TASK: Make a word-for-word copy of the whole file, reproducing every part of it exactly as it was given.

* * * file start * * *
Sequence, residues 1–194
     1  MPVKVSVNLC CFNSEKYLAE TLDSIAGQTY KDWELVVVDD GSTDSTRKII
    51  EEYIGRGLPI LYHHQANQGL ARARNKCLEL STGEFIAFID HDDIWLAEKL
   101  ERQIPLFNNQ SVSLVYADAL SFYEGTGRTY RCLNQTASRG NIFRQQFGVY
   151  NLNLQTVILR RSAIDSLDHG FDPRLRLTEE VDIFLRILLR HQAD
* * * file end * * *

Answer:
Sequence, residues 1–194
     1  MPVKVSVNLC CFNSEKYLAE TLDSIAGQTY KDWELVVVDD GSTDSTRKII
    51  EEYIGRGLPI LYHHQANQGL ARARNKCLEL STGEFIAFID HDDIWLAEKL
   101  ERQIPLFNNQ SVSLVYADAL SFYEGTGRTY RCLNQTASRG NIFRQQFGVY
   151  NLNLQTVILR RSAIDSLDHG FDPRLRLTEE VDIFLRILLR HQAD